We conclude from this analysis that the positive wind stress curl trend bias west of 150∘ W, found in both CORE and JRA55-do, is mainly due to the easterly wind stress trend bias. Additionally, the positive wind stress curl trend bias east of 150∘ W in the CORE forcing is due to the combined effect of easterly and westerly trend biases. The positive wind stress curl trend bias in the zonal band creates an artificial Ekman suction that causes the DSL trend in the simulations to be biased low.
4.2 Barotropic response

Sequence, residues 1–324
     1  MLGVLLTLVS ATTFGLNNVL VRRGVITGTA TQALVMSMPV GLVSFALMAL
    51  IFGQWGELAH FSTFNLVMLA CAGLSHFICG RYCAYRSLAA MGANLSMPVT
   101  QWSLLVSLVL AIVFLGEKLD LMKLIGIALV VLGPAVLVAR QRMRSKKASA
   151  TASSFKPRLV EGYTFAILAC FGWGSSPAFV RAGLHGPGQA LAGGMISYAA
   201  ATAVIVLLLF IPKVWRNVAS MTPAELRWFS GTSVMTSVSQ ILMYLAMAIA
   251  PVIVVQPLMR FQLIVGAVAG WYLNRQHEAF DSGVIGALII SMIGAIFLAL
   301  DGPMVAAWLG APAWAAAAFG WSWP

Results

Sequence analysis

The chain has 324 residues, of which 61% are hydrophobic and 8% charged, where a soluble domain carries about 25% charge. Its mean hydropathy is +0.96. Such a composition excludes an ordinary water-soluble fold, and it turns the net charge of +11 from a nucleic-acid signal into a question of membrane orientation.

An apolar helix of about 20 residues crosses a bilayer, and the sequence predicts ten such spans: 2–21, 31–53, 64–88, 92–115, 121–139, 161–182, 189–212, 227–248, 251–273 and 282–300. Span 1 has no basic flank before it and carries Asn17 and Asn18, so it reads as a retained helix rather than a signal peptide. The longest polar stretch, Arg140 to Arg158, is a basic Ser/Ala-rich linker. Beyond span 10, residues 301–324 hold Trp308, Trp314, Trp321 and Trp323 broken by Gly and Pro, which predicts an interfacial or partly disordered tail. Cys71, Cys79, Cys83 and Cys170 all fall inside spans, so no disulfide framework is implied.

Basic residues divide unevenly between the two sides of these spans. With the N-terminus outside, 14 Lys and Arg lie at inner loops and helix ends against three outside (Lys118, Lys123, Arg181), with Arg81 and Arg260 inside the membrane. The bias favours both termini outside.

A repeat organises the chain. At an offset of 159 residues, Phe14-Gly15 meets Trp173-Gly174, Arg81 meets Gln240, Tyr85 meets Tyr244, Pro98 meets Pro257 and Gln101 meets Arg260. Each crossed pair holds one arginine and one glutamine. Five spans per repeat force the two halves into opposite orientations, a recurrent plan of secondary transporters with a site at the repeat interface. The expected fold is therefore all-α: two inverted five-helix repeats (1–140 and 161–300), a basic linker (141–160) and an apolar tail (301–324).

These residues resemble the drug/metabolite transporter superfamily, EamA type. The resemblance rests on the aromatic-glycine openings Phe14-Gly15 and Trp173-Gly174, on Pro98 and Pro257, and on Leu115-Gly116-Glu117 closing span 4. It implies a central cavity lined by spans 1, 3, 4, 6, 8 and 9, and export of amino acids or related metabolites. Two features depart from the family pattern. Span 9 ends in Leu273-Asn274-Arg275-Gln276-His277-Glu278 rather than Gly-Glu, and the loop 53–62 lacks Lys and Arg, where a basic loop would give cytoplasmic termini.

We now examine how the barotropic geostrophic response affects the DSL trend. From the trend bias in the Sverdrup stream function, we can see how the geostrophic flow trend bias can cause the DSL trend bias. The Sverdrup stream function (Ψ) is calculated following Eq. (2). The CORE simulation shows a negative stream function trend bias in the 10–20∘ N zonal band, whereas the JRA55-do trend bias is relatively small (Fig. 13a, b). The negative trend bias which corresponds to a trend of counterclockwise geostrophic current is related to the negative DSL trend bias across the Pacific basin.